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here. It tells us a weak acid has a. K. A. Of 5.35. What is the hydro knee? Um Ion concentration in a 0.10 molar solution of this weak acid. Now we know that we're dealing with a weak acid. And the general generic formula of a weak acid is H. A. Remember weak acids and weak bases react with water within solution. So this weak acid will react with water. It is the acid. So that means water is the base. Remember, according to Bronson Laurie theory, the acid donates an H. Plus. So what we're gonna create is a minus plus H. +30. Plus. We're dealing With an ice chart because we're dealing with a weak species anytime we're dealing with a weak acid, a weak base, we set up an ice chart. Remember in a nice chart we ignore solids and liquids. So this water which is a liquid is ignored. Our initial concentration is said to be .10 moller. We're not given initial concentration for products or they're both zero. Remember, we lose react ints in order to make products bring down everything. Since we're dealing with a weak acid, we want to use our acid dissociation constant or K. A. K. Is equal to products. Overreact ints. So our products multiply together, divided by our reaction on the bottom. Again, we ignore water because it's a liquid here. The issue is we don't have K. We have P. K. So we're gonna have to convert P. K. Into K. A. Here K. A. Equals 10 to the negative P. K. A. We plugged that PK Thou given to us of 5.35 n. That gives me 4.467 times 10 to the negative six. So that's my K. A. Which I'm gonna plug over here at equilibrium. Both my products are X. So X. Times X. Is X squared divided by what's on the bottom which is 0.10 minus X. Here we have this minus X. Although this is on a local chemistry, I want to be as precise as possible. If that X variable is insignificant enough, we can ignore it to determine if we can ignore it. We do the 5% approximation method. Now the 5% approximation method says that if I take my initial concentration of my weak species and I divided by its association constant which is K. In this in this case if I divide the initial by the K. A. And the ratio gives me a value greater than 500 then I can ignore that minus X. So my initial concentration is 0.10 moller we're gonna divide it by the K. We just found. So 4.467 times 10 to the negative six. When I do that it gives me 22,387 0.2 As a value. So that number is definitely greater than 500. So according to the 5% approximation method I can ignore that -1. There All we do now is we solve for X. So we're gonna multiply both sides by .10. So we're gonna have 4.467 times 10 to the -7 equals X squared We just want X. So we're gonna take the square root of both sides here. So when I take the square root of both sides here I get x equals 4.6 6. 8 times 10 to the -4 Molar. When I sold for X. Here, this X. Gives me this sex which is equal to H 30. Plus. Remember when we're setting up a nice chart for a weak acid or a weak base anytime we find X. That represents either my H 30. Plus concentration or my O. H minus concentration. Since I'm dealing with an acid here, it's gonna give me the H 30 plus concentration which is my hydro ni um ion concentration based on our answer option F would be the correct choice. So just remember some of the fundamentals that we went over in terms of this question. If we're dealing with a weak acid or weak base in order to find hydro knee, um ion concentration or hydroxide ion concentration, we'll have to set up some type of ice chart in order to solve for X. Once we do we'll have that number. If we wanted to go a step further, we could have taken the negative log of this concentration and that would have given me ph here Were not asked to find pH were just asked to figure out what the concentration is of hydro name ion. So we just stopped there for X being 6.68 times 10 to the negative for Mueller.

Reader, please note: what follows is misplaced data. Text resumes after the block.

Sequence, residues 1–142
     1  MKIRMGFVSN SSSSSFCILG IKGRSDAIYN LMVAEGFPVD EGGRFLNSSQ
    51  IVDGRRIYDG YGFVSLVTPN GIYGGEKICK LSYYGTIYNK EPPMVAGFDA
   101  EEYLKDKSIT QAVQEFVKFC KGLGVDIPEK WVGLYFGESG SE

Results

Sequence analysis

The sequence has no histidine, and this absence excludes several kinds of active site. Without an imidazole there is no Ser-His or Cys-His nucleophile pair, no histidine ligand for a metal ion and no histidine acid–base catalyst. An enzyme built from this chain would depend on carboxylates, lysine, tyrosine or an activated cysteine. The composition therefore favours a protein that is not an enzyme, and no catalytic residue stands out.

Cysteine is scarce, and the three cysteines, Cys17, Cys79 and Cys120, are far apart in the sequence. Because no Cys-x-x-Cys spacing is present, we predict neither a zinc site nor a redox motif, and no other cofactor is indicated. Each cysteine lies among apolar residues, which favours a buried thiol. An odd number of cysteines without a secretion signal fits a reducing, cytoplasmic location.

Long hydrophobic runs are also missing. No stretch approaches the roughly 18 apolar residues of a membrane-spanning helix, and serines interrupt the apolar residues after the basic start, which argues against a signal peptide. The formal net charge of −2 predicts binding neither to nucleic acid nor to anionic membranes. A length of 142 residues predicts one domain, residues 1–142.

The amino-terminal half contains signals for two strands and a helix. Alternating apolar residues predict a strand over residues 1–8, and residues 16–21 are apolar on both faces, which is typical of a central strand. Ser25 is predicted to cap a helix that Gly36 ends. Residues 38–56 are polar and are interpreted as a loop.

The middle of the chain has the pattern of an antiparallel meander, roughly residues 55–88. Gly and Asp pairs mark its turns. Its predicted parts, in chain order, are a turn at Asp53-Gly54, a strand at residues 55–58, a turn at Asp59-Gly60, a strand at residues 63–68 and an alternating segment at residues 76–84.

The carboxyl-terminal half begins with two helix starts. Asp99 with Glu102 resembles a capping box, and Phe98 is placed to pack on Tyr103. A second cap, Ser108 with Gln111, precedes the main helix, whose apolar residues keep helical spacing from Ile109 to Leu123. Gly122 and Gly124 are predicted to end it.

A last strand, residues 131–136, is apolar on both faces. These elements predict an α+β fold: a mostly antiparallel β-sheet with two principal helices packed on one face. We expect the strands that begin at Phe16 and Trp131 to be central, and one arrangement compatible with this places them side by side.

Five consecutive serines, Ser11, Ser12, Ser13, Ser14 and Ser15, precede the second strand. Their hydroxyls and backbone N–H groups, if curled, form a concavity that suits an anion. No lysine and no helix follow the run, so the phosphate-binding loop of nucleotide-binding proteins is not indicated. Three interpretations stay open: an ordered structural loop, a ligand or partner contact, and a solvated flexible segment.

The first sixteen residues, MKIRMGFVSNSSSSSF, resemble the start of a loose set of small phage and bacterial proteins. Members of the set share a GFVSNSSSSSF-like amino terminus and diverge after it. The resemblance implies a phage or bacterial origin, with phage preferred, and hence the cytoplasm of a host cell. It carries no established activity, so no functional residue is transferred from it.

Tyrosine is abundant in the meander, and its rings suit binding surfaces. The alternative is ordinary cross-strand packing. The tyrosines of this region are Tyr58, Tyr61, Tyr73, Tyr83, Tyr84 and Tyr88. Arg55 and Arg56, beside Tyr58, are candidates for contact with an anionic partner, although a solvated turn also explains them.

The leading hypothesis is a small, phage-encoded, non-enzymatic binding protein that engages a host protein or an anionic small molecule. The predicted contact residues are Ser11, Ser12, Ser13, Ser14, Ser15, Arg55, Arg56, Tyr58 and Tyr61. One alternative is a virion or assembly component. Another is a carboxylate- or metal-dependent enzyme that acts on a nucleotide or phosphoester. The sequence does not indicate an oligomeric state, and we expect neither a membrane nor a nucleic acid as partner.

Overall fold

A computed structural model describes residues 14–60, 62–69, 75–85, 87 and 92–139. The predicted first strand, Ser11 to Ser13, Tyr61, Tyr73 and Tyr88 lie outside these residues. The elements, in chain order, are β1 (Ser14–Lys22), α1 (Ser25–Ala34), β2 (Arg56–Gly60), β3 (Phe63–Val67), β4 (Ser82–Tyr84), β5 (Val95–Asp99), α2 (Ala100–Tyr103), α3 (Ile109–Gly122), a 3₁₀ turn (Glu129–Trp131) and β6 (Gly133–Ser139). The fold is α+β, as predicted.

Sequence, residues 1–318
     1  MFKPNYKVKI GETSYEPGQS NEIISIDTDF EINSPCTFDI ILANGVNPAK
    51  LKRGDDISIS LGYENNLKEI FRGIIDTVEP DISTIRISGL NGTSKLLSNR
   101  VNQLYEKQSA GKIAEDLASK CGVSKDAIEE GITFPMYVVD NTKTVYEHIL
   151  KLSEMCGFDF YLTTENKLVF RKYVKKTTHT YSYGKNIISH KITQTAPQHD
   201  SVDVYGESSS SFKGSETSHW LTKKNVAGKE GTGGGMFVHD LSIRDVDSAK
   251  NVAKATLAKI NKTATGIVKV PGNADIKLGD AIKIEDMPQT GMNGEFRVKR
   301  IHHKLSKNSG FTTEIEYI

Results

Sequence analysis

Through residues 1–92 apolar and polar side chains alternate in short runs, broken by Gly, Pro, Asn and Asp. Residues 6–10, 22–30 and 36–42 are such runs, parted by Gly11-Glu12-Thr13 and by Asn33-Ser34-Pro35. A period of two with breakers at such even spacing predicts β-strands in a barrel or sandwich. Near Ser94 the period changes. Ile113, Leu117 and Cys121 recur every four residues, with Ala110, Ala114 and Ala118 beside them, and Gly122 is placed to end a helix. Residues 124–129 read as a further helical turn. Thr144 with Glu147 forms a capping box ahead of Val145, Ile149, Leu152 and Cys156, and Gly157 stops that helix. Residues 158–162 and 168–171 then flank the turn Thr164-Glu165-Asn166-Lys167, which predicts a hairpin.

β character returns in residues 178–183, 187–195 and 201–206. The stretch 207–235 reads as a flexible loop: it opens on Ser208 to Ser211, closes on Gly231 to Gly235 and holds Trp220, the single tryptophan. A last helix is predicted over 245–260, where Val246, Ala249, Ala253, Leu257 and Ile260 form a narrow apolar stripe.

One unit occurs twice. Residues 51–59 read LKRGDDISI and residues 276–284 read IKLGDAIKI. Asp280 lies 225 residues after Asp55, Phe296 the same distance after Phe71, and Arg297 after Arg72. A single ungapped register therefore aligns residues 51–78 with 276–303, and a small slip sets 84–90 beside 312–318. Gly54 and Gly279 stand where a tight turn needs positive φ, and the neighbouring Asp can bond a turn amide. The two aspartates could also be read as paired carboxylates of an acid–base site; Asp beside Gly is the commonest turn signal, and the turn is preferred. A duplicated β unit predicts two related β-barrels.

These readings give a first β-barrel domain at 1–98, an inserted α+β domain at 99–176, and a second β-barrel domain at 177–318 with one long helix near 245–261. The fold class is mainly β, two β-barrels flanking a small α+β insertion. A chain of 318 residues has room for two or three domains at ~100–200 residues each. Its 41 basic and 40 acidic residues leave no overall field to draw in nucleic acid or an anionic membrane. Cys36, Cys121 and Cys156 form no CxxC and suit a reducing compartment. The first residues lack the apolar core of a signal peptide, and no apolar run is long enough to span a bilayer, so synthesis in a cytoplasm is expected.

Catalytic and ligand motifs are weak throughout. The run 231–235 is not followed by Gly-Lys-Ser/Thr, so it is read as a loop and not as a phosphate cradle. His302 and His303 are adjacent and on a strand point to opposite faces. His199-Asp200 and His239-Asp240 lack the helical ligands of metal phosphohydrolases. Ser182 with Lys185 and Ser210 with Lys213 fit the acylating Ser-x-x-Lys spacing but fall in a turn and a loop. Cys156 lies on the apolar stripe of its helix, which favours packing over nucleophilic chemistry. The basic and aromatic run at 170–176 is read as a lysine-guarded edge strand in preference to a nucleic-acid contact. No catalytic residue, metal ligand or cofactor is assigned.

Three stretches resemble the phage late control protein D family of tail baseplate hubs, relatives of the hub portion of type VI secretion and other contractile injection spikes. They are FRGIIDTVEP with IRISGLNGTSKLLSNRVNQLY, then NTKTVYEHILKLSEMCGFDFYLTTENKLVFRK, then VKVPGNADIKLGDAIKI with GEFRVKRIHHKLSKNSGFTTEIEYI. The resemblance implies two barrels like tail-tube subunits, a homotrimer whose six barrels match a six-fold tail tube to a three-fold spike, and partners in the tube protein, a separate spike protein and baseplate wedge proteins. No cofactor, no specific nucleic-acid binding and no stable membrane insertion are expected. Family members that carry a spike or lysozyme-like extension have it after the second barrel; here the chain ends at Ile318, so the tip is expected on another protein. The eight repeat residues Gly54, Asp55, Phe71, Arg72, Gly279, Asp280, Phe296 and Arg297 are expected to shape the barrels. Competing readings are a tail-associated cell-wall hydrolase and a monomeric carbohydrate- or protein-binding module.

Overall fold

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Problem

The pH of an aqueous 0.10 M nitrite ion is 8.17. What is the base dissociation constant of the base?